Why large corporations are years behind in technology

In my career I have had the privilege of working for different size companies. I have worked for interactive agencies (a rather fast paced and fun environment), medium size companies, educational institutes, and large corporations (3000+ employees).

I have worked in environments where I walk in with shorts and sandals and worked in an environment where the same shorts and sandals got me a visit to the ‘principal’s’ office. I have worked in an environment where my boss and I shared a beer on a Friday afternoon in his office and also worked in an environment where the boss was hesitant to buy the beer at the bar because he was concerned about him or his company being liable for other’s drinking.

These environment’s differ from each other tremendously but I could not tell you which is better than the other – I know which ones I preferred but I still can’t intelligently say which method of management is superior to another. And that is not what I am qualified to talk about – business management was never my forte – but what I feel qualified to discuss is technology.

And in my experience, large corporations are always behind in technology and hesitant in the adoption of new technology. Some of the reasons behind the lagging in this realm are reasonable and some are not. I am going to attempt to breakdown some of the issues that I have encountered and hopefully try to provide solutions. Here we go:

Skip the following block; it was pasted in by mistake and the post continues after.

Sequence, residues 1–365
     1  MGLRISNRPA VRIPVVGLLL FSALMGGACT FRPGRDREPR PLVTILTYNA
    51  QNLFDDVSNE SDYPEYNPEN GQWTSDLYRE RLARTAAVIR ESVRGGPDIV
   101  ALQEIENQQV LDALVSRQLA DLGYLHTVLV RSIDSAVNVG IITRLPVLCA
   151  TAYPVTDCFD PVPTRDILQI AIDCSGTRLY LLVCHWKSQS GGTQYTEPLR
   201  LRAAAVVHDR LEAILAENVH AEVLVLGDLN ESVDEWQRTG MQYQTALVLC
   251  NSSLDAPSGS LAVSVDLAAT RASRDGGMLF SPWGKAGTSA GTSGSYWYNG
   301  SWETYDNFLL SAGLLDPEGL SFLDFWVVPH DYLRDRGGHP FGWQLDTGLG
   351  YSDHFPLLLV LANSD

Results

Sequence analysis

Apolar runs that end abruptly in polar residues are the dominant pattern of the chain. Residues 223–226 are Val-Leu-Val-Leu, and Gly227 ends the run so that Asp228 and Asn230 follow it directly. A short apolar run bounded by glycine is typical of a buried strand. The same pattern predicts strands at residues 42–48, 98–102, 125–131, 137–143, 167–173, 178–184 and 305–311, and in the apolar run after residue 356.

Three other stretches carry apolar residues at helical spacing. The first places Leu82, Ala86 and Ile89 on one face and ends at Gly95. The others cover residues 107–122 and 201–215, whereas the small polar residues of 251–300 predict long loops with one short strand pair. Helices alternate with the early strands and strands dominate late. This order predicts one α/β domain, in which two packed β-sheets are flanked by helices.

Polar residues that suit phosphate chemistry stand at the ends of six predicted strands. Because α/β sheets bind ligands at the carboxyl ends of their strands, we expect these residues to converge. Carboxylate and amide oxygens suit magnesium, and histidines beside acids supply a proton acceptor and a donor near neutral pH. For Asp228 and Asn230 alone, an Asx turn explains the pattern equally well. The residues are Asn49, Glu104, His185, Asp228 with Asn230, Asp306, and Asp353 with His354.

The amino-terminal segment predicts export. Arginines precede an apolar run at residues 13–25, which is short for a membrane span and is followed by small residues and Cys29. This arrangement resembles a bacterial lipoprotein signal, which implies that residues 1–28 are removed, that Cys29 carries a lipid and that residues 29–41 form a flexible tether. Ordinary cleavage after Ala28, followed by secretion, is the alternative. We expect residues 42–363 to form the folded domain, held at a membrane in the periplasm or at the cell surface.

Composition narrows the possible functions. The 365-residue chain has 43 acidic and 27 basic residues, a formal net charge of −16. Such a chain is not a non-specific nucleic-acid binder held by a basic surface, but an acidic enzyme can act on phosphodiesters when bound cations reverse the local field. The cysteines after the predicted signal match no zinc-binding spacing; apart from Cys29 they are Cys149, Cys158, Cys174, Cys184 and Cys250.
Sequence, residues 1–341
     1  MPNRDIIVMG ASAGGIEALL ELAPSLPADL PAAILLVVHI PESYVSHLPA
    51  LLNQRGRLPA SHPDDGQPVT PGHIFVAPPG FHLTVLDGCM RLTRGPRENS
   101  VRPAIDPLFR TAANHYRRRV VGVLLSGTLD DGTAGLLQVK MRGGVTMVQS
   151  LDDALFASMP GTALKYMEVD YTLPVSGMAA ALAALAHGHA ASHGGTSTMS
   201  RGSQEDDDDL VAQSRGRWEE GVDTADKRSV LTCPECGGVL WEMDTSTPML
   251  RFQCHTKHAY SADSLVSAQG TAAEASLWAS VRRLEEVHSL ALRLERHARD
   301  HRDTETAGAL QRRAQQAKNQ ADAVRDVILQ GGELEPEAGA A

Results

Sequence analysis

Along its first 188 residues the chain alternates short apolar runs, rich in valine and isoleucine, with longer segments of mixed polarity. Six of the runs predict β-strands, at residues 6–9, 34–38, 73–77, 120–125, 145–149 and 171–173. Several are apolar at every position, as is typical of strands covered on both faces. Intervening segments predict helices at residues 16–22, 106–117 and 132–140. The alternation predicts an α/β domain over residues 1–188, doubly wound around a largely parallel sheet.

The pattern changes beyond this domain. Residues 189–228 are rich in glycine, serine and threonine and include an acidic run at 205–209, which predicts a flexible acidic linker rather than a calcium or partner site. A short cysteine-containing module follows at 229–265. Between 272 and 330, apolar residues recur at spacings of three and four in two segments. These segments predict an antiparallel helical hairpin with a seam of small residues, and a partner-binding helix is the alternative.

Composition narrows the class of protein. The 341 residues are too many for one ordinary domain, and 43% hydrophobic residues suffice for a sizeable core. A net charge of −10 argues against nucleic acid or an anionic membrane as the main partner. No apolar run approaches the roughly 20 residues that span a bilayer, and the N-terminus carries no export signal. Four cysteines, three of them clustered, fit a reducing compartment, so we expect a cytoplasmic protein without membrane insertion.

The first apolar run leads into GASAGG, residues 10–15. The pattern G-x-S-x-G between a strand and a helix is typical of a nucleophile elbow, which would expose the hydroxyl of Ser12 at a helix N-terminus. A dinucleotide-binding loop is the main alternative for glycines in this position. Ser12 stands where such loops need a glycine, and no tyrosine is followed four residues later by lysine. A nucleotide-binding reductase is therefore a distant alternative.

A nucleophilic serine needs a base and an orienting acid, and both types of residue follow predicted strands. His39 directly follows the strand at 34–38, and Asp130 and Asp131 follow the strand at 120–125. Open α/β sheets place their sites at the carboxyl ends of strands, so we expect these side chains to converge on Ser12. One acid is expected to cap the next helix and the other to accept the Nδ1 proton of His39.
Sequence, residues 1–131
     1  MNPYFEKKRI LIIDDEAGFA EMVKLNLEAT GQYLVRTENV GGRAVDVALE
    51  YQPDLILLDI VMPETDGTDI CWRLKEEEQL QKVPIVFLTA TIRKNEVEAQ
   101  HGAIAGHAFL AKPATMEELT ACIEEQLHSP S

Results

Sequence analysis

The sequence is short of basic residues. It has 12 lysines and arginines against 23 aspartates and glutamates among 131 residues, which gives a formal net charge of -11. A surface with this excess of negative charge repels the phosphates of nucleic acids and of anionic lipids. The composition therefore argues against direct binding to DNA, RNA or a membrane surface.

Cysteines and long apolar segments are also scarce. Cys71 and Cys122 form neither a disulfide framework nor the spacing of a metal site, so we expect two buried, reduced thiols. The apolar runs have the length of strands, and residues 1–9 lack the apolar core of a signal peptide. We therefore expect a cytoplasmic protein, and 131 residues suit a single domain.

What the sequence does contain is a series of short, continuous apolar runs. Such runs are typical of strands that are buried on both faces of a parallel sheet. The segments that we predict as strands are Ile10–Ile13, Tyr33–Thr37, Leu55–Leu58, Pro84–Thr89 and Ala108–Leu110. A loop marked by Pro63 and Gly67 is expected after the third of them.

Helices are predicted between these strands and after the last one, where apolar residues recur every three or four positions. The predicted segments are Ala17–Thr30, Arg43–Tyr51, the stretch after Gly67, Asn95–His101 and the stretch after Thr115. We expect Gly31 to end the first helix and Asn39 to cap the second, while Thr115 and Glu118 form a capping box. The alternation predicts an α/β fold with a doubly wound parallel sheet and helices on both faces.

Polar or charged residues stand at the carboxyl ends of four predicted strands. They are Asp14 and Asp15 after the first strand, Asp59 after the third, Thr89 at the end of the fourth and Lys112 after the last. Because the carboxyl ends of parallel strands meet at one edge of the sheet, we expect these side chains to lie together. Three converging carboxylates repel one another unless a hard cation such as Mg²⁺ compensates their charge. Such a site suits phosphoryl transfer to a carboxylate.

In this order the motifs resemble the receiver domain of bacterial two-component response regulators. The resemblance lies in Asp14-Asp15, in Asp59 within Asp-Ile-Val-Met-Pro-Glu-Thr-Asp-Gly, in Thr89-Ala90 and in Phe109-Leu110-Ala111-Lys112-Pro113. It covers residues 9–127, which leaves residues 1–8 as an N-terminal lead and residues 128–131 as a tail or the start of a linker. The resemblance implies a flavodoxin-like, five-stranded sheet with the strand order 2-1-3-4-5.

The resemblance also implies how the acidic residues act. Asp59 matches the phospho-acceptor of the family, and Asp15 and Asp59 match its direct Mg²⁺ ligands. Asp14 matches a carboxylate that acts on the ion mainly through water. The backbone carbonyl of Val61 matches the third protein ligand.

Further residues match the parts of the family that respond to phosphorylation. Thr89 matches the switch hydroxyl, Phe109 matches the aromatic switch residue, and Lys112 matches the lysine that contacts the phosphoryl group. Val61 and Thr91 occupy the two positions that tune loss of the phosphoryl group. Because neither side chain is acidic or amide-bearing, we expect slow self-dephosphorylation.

Inexperienced managers

Big corporations are stacked with Vice Presidents, directors, middle managers and the ever-lovingly titled individual contributors (really? shouldn’t it be ‘team’ contributors, how many employees does one see working in a silo or ‘individually’?).

The Vice Presidents and the managers (henceforth referred to as the Witt brothers, Dim and Nit) have offices that are strewn with ink jet printed awards, “Good to Great” book (or similar bland management books), and one or two technology-based books that let’s be honest, look like they have never been opened or have not been creased passed the first chapter because they fell asleep after the first chapter.

To be fair, there are some managers that have been developers or programmers in the past and do have some technology experience and may be able to make sound decisions, however with the speed of technology advancement; 6 months or more away from hands-on development and that same developer-promoted-to-manager will become slowly out-dated and slowly lose their technical talent.